What a marvelous idea. You take one seasoned musical genius,
put him in a room with a tape deck with all his archive material, and ask him
to play a selection of his hidden treasures from the dark and murky past. This
is exactly what happened here.
Peter Banks, the original and best guitarist from the band
Yes, has trawled his back catalogue for some juicy rare and often unreleased
back catalogue material. He was first asked to concentrate on his pre-Yes days
from the sixties, when we were all reeling and a-rocking, quaking, and
a-shaking, making and breaking, faking and mistaking, joking and smoking -
everybody was loco from those years. This collection of songs is basically
collected from Peter’s early years 1964-1968, and gives a fascinating insight
into a musician’s formative years.
From his first tentative steps as a young seventeen year old
guitarist with Devil’s Disciples (after which the guitarist admits in the
wonderful booklet that comes with this collection, that he found the whole
experience so terrifying, he doubted he would ever pluck up the courage again
to enter a recording studio. During that 2-hour session, both the tracks here
from the Devil’s Disciples were recorded) to Peter’s solo spot with Yes on
one of their first gigs, Peter Banks musical birth is laid bare. It certainly
isn’t all pretty, and to keep the listener’s attention, neither is it in
As well as the two Devil’s Disciples tracks (quite
honestly, their take on ‘For Your Love’ does not hold a light to the
Yardbirds’ version), you also get five cuts from Syn, where Peter Banks first
teamed up with bassist Chris Squire. You get to hear ‘Flowerman’, the
single from Syn’s own Rock Opera, in which the band used to dress up as
flowers for the stage production, and then finish the set with a huge fight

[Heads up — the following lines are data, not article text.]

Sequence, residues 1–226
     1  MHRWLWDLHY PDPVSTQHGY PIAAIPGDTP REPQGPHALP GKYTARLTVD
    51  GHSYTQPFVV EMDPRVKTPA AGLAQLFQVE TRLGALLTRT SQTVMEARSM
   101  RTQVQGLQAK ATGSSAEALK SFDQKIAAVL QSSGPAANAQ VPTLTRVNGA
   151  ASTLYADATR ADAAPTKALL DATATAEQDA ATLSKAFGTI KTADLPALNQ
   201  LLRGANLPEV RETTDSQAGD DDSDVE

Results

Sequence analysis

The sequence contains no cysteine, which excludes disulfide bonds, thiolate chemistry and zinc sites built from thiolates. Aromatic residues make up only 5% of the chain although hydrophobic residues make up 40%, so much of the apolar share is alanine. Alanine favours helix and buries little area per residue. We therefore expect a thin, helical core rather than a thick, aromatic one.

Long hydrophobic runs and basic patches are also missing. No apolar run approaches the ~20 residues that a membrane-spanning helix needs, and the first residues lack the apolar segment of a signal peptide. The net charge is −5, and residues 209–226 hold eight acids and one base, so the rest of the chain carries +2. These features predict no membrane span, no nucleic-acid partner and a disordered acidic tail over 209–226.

featuring gardening implements. The Flowerman also sounds like very early
‘Spinal Tap’, and is made all the more galling as you get two versions of
it back to back. Obviously, Peter Banks is proud of it all.
The bulk of the material here, though, comes from the second
band that Banks and Squire formed after ‘Syn’ and were turned into compost.
The magically monikered ‘Mabel Greer’s Toyshop’ the music takes a cosmic
leap forward with versions of ‘Beyond and Before’ written by Mabel
Greer’s Toyshop vocalist Clive Bailey with Chris Squire, which in a slightly
amended version was to go on to be track one on side one of the debut vinyl
recording of Yes.
The almost telepathic understanding between Squire and Banks
is a wonder to listen to as you can hear them establishing the sound that was
to become Yes’ trademark, and still is today even though Peter Banks has not
been in the ranks for over 34 years (mind you, just about every other jobbing
musician has been through Yes ranks with each guitarist having to copy Banks’
original guitar template).
To kick start the proceedings, Peter Banks has included a
version of Peter Gunn from his jamming band in 1980. Perhaps breaking the rules
a little, but it is well worth the effort as it literally knocks heads
together. A wonderful place to start.
Then to finish off this collection, there are nearly nine
minutes of Peter’s solo section of the Yes set, which used to come during
Yes’ cover of the Byrds ‘I See You’, where the other musicians would
depart the stage (at that time Yes had Chris Squire on bass, Jon Anderson on
vocals, and Tony Kaye on keyboards), leaving our intrepid guitarist backed only
by Bill Bruford on drums, to, in the vernacular of the day, completely freak
out on the guitar. You will either love it or find it totally boring and
pretentious. (This Dog loves it.)
All the songs are linked together by more sound bites from
Peter Banks’ musical library. The 12-page booklet of this collection is
crammed full of informative facts and funny anecdotes written in the
guitarist’s own hand, with a wonderful Peter Banks Rock family tree from the
era and the necessary embarrassing era photos.
Although this collection does have its weak moments, they
are made up for by the highs that are contained here. For another insight into
this very underrated musician, read his autobiography “Beyond and
Before’’ or, to hear Peter Banks at the peak of his powers, try the debut
album from Flash (1972), the band Peter formed after he was unceremoniously
dumped from Yes, or Peter’s second solo album Instinct (1993).